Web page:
A spokesman for Connect for Health Colorado, the state-run health care exchange, which is not associated with the ad campaign, declined to comment.

Apparently, the State of Colorado doesn’t want to be associated with an ad campaign based on the premise that young women were concerned with nothing but hooking up. up and that life is great as long as you’ve got free birth control. Who would’ve thought that?

The more important question is what makes this group “ProgressNow Colorado” thinks that they’re actually going to convince anyone to do anything except, perhaps, go to the bar tonight to see what kind of action there is.

FILED UNDER: Health Care, Quick Takes, US Politics
Doug Mataconis
About Doug Mataconis
Doug holds a B.A. in Political Science from Rutgers University and J.D. from George Mason University School of Law. He joined the staff of OTB in May 2010 and contributed a staggering 16,483 posts before his retirement in January 2020.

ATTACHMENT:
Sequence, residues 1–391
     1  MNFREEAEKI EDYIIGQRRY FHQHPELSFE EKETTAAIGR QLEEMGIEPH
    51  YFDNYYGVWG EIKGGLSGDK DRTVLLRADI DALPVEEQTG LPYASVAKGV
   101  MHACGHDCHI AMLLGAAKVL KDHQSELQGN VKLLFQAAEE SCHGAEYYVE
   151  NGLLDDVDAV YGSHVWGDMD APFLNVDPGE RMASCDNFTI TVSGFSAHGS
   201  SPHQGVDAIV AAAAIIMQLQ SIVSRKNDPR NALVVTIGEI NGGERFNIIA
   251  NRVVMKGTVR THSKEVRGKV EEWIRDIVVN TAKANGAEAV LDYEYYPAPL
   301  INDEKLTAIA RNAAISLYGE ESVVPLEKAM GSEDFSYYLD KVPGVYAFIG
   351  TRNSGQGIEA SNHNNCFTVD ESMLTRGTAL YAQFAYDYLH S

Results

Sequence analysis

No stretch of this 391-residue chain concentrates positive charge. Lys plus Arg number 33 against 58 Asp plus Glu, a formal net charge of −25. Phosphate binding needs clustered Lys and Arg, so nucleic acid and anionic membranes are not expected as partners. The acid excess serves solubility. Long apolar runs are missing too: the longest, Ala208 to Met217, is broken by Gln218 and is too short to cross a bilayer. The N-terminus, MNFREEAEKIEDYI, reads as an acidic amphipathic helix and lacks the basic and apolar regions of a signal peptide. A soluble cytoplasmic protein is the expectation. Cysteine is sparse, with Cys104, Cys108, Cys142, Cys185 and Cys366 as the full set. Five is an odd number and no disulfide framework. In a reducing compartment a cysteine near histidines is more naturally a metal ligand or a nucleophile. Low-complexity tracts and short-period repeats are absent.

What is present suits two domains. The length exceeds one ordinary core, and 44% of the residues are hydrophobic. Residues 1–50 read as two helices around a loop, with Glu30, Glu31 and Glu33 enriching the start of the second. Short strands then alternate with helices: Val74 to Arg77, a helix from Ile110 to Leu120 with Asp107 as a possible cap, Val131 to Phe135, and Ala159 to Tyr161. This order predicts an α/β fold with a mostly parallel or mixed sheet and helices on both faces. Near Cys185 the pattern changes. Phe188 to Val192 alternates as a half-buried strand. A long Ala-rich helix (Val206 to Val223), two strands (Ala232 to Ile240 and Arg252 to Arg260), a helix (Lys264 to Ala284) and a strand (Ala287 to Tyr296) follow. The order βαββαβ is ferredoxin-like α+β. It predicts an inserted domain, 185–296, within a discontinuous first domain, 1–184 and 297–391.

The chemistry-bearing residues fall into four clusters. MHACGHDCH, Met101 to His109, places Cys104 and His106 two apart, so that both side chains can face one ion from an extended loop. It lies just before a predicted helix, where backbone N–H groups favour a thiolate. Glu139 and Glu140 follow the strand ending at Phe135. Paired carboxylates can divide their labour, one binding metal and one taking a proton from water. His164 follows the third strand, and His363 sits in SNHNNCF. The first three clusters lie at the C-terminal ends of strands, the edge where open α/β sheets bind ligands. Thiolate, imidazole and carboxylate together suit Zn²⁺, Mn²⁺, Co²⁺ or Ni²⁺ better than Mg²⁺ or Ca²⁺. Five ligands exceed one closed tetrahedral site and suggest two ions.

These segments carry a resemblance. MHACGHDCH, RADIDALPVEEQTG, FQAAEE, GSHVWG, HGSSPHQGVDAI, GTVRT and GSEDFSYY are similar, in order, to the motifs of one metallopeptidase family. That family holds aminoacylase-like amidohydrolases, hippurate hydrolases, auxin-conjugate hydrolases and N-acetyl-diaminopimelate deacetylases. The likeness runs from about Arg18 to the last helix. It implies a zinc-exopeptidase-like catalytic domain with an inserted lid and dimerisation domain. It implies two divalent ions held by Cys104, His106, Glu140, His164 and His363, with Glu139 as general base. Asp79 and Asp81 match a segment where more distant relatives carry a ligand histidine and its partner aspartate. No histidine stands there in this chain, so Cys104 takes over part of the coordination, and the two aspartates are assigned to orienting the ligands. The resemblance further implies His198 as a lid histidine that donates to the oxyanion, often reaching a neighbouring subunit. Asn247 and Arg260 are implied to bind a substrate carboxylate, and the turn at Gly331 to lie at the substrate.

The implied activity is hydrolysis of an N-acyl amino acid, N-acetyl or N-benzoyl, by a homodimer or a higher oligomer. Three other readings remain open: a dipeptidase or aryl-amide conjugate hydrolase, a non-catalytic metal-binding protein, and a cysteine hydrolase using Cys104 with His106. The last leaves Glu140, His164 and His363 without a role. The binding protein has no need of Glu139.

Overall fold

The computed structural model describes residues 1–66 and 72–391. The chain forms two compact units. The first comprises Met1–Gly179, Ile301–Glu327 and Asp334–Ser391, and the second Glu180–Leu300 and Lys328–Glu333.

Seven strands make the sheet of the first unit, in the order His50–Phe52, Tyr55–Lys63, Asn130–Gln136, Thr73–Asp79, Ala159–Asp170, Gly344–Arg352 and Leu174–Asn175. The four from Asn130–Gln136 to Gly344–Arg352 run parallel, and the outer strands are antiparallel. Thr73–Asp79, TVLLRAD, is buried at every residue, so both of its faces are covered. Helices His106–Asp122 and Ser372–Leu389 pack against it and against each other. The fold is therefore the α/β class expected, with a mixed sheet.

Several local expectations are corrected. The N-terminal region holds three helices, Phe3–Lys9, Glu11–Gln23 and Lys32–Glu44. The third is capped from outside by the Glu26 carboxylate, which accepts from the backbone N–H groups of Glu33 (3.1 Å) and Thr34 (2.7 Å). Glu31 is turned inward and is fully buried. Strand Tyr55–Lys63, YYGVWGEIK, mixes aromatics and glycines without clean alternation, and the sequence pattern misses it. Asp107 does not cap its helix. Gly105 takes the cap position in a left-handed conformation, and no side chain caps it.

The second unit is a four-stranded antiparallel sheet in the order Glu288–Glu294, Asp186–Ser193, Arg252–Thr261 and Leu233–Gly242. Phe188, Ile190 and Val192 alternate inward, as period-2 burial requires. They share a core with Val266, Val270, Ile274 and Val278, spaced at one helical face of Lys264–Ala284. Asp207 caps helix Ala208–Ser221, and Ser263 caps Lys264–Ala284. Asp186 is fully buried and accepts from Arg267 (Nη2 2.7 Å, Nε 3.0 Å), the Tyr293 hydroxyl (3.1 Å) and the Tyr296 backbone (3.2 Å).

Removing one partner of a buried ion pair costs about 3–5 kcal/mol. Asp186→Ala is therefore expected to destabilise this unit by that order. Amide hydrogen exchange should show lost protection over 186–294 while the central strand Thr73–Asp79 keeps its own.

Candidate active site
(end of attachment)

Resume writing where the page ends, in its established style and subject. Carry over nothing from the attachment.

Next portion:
Comments

  1. al-Ameda says:

    The only bizarre part of the ad is the guy – she can do better than that.

    I wonder if people who are offended by this ad might also be offended by the number of male ED ads (Cialis, etc.) that are televised into our homes these days? One might get the impression that all middle aged men care about is hooking up?

    I have no problem with encouraging the use of birth control, nor with including it in health insurance coverage.

  2. OzarkHillbilly says:

    Wow. Just, Wow.

  3. @al-Ameda:

    I suppose I find the ad stupid rather than offensive, but then I’m not a 20-something woman who is apparently being told that the best thing in the world is free birth control.

    Also, based on the look of that guy the woman in question ought to be more worried about condoms than the pill.